Prince George and Charlotte showing ‘teamwork’ says Nicholl
We use your sign-up to provide content in ways you’ve consented to and to improve our understanding of you. This may include adverts from us and 3rd parties based on our understanding. You can unsubscribe at any time. More info
Prince George of Cambridge was born on July 22, 2013, the first child of Prince William and Kate, Duchess of Cambridge. George’s christening took place a few months later at the historic Chapel Royal at St James’s Palace, a venue used for several royal christenings over the years and the marriage ceremony of Queen Victoria to Prince Albert in 1840.
For his christening, Prince George took part in many of the usual royal traditions.
He was christened in the Lily Font which was designed on the orders of Victoria and Albert for the christening of their first child, Princess Victoria.
In the decades since, the Lily Font has been used for every royal christening.
Water from the River Jordan was also used during Prince George’s christening in line with royal tradition.
After the ceremony, a unique royal tradition involving Kate and William’s wedding cake was adhered to at Clarence House.
Buckingham Palace said in a statement at the time: “Following the service, The Prince of Wales and The Duchess of Cornwall will give a private tea in Clarence House.
“Guests will be served slices of christening cake, which is a tier taken from The Duke and Duchess of Cambridge’s wedding cake.”
But one tradition Prince William got to experience at his christening that his son didn’t was the wearing of the royal christening gown.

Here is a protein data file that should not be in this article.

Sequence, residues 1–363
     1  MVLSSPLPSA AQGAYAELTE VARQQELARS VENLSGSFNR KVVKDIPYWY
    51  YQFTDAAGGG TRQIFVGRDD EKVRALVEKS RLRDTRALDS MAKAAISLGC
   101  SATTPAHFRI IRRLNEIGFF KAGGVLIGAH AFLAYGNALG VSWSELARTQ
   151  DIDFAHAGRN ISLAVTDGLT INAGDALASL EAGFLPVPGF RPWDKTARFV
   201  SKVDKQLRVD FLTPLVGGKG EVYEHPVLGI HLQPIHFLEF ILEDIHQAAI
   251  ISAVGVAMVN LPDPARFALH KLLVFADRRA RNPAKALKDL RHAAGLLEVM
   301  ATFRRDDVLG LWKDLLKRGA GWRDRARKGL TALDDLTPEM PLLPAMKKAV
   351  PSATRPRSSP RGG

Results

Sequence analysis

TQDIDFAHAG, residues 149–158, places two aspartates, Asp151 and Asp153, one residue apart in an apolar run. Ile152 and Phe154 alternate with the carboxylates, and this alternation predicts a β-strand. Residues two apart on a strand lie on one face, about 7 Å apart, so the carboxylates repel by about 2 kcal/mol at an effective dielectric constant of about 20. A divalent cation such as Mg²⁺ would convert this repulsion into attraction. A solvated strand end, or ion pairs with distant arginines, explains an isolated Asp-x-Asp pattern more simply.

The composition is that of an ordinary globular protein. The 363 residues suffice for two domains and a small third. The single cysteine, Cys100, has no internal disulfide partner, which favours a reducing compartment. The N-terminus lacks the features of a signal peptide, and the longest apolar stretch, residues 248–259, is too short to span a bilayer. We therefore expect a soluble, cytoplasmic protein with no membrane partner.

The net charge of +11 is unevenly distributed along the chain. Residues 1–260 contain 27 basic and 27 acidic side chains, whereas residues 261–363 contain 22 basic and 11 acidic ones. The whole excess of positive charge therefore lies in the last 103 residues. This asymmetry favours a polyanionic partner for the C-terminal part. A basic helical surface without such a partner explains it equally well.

Kate and William using Wessex ‘template’ to raise children [ANALYSIS]
Kate Middleton’s mother unveils Halloween plans with grandchildren [INSIGHT]
Who YOUR favourite member of the Royal Family is – poll result [POLL]
The royal christening robe was crafted for Princess Victoria in 1841, and it was used for hundreds of subsequent royal christenings.
King Edward VII, King George V, King George VI, Queen Elizabeth II and King Charles III were all christened in the gown.
But due to its delicate Honiton lace, it was deemed too delicate to use again after the christening of the Queen’s granddaughter Lady Louise Windsor in 2004.
The late Queen’s trusted dressmaker Angela Kelly crafted a replica of the gown to be used at the christening of her eighth grandchild, James, Viscount Severn, in 2007.
Prince George and his two siblings Princess Charlotte and Prince Louis were subsequently christened in the replica gown too.
The gown was likely last used earlier this year for the christening of the Queen’s great-grandchild Sienna Elizabeth Mapelli Mozzi.
Attendees at Prince George’s christening included the late Queen and Prince Philip, then Prince Charles, the former Duchess of Cornwall and Prince Harry.
Guests from Kate’s side of the family included her parents Michael and Carole Middleton and her siblings Pippa Middleton and James Middleton.
Royals tend to have several godparents, and a plethora were chosen for George as a future King, including Prince William’s cousin Zara Tindall.
Other godparents included Mr Oliver Baker, Kate and William’s friend from St Andrew’s, Kate’s friend Mrs David Jardine-Paterson and Earl Grosvenor (now the Duke of Westminster).
Mr Jamie Lowther-Pinkerton, William and Harry’s private secretary, The Hon Mrs Michael Samuel, a friend of the late Princess Diana, and Mr William van Cutsem, William’s childhood friend, were also given the honour.
George’s siblings were born in 2015 and 2018 respectively, and while Prince Louis was christened at St James’s Palace, Princess Charlotte was christened at the Church of St Mary Magdalene in Sandringham, Norfolk.
Source: Read Full Article